Execute formal retirement plan document amendments (based on decisions made to adopt the specific COVID-19 plan provisions). The COVID-19 plan enhancements for retirement plans fall into the category of changes that require formal plan amendments. Employers have considerable time to draft and execute conforming plan amendments. The deadline is the last day of the first plan year beginning on or after 2022. It is important to work with your retirement plan administrator to make sure the plan amendments are initiated.

Why

When

Notes

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Families First Coronavirus Response Act (FFCRA)

Summary New legislation has been enacted to ease the economic consequences stemming from the COVID-19 pandemic. The new law, titled Families First Coronavirus Response Act was signed into law on March 18, 2020. It includes a number of provisions addressing social concerns as well as four provisions that address health coverage and financial support for employees.

1. Free COVID-19 Testing 2. Paid Sick Leave for Employees 3. Paid Family Leave added to FMLA 4. Employer Tax Credits

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Free COVID-19 Testing

Mandate to Cover Testing Group health plans and insurers must cover FDA-approved diagnostic products to detect the virus that causes COVID-19. No Cost Share Benefits for COVID-19 testing must be provided without any cost-sharing. That means no deductibles, no copays, no coinsurance, and no other form of out-of- pocket expense to the employee. In addition, preauthorization and any other form of medical management are also prohibited. What is Included? No cost coverage requirements include costs for the actual test (nasal swab and lab analysis) plus any related services or provider services. This includes visits to urgent care, emergency room, in-person or telehealth provider that result in an order for or administration of a covered diagnostic test. Impacted Plans This requirement applies to all health plans. This includes self-funded plans and all fully insured plans (regardless of the state in which they are situated). In addition, ACA grandfathered plans are also subject to this Act. However, it appears that excepted benefit plans and retiree-only plans are not subject to this provision. Note that it is essentially unheard of for a federal mandate to sweep across all health plan types.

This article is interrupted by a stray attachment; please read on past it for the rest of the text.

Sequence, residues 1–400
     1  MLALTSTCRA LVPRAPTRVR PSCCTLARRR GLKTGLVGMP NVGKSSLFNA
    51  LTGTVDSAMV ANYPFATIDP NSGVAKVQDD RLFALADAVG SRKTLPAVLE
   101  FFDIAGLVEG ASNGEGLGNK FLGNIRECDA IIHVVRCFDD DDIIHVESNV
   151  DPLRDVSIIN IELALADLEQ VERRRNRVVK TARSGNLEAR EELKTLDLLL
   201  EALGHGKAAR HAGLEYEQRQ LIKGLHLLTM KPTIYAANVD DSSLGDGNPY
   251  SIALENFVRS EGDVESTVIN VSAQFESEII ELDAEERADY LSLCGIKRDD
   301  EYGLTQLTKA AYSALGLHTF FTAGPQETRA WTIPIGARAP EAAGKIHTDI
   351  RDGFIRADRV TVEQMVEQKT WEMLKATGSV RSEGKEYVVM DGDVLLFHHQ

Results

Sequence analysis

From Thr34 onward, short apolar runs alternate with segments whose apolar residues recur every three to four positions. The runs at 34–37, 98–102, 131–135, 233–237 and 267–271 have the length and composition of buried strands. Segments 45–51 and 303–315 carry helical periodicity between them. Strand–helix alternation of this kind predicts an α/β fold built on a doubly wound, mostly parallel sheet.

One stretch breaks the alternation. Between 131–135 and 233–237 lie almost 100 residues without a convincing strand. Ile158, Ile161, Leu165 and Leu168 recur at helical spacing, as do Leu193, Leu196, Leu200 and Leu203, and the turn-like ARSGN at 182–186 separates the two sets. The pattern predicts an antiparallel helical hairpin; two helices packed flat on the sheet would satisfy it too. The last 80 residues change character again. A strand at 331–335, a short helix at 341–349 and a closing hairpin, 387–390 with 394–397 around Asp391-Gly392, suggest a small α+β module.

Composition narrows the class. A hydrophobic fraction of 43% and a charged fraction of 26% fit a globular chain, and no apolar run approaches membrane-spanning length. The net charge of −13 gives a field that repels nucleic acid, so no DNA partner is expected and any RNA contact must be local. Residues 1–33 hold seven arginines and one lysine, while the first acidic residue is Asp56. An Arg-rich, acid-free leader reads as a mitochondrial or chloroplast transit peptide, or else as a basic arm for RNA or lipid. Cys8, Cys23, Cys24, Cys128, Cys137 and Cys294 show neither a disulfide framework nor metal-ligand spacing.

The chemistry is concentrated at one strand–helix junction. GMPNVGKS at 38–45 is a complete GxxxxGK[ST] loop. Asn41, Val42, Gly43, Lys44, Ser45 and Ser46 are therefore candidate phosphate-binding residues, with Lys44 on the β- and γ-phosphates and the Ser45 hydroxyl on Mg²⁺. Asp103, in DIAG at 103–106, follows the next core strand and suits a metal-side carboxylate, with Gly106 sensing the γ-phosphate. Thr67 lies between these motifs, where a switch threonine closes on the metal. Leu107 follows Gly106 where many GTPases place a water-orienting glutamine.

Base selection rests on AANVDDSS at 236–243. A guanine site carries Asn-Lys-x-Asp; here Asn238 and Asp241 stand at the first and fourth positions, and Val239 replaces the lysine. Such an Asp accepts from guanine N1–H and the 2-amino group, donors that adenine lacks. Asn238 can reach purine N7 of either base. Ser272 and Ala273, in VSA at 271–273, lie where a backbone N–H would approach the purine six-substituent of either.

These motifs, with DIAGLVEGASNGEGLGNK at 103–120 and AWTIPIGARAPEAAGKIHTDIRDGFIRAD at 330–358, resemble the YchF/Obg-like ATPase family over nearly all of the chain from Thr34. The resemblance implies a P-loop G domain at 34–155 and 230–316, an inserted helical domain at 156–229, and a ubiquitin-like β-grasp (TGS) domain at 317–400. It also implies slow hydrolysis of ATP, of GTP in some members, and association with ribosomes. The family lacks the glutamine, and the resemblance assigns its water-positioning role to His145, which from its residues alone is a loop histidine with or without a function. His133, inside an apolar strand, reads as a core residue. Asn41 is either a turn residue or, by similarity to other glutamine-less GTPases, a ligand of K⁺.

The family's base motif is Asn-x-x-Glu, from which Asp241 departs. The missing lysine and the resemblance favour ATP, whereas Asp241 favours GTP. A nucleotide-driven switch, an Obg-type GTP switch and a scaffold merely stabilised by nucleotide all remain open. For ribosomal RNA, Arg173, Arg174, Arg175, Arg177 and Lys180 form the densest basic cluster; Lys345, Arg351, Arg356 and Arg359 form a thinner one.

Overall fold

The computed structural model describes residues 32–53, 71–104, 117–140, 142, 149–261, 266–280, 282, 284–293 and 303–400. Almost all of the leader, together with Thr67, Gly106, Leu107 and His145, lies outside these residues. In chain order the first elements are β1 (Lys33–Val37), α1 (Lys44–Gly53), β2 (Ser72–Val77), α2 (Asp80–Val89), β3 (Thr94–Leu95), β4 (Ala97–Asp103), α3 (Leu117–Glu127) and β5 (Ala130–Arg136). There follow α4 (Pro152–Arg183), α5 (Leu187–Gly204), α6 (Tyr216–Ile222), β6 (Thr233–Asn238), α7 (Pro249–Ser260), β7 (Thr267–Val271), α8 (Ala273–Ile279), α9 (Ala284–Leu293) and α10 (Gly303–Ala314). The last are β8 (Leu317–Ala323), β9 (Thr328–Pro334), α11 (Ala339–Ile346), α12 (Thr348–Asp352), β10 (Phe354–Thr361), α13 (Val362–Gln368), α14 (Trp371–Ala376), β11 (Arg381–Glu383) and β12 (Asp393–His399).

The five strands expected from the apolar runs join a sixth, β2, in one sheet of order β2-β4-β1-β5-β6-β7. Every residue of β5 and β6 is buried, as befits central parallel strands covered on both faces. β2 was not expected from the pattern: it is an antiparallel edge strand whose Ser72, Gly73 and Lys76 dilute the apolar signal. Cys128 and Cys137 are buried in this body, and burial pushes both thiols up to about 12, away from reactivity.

Are Insurance Plans Responding Quickly? Most insurance carriers are already well down the road of implementing free coverage for COVID-19 testing. Many implemented these provisions prior to the law requiring them. What about HDHP/HSA Plans? Authorities have confirmed that the free testing provisions, when added to an HDHP plan (prior to the deductible), will not disqualify the plan as an HDHP plan. This means that individuals may continue to make contributions to an HSA without concern. CARES Act Expansions The CARES Act (passed eight days after the FFCRA) expanded the types of testing that plans must cover without cost-sharing. The amended provisions now require plans to also cover, without cost-sharing, any other forms of tests that are found to be necessary by the HHS. This open protection is designed to ensure that any future COVID- 19 testing protocols or services remain under the no-cost sharing umbrella. Effective Date and Duration The effective date of the free COVID-19 testing mandate is April 1, 2020. It should be noted, however, that many carriers already started covering the testing on a no-cost basis prior to the mandate. The mandate expires December 31, 2020.

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Paid Sick Time for Employees

Mandate for Paid Sick Time The legislation provides for emergency paid sick time for employees affected by the COVID- 19 pandemic. Who is Subject? Employers with fewer than 500 employees (as well as federal and state employers of any size) must provide paid sick time to employees who are unable to work (or telework) for specified virus-related reasons. All employees are immediately eligible for the COVID-19 paid sick time benefit. Eligibility for Paid Sick Time Full time employees are entitled to 80 hours of paid sick time. While not specifically defined, it is presumed that full time means 40 hours per week. Part-time employees are entitled to sick time on a pro-rated basis. Benefits are available immediately regardless of the employee’s length of employment. Temporary employees are eligible to receive benefits, with benefits being based on whether they are full-time or part-time workers. Independent contractors working for the employer are not eligible for this paid sick time benefit. Sick Time Maximum Benefit Benefits are calculated based on the employee’s regular rate of pay and the number of hours the employee would otherwise be normally scheduled to work. The maximum benefit varies based on the reason for absence, as outlined below.

Employee Category

Sick Leave Benefit

Employee who is: 1) Subject to a quarantine or isolation order 2) Advised by a health provider to self-quarantine 3) Experiencing symptoms and seeking diagnosis

100% of regular pay $511 per day maximum $5,110 total

Employee who is: 4) Caring for an individual described in category (1), (2), or (3) 5) Caring for a son or daughter whose school or place of care has been closed 6) Experiencing a “substantially similar condition” to be specified by HHS

66.67% of regular pay $200 per day maximum $2,000 total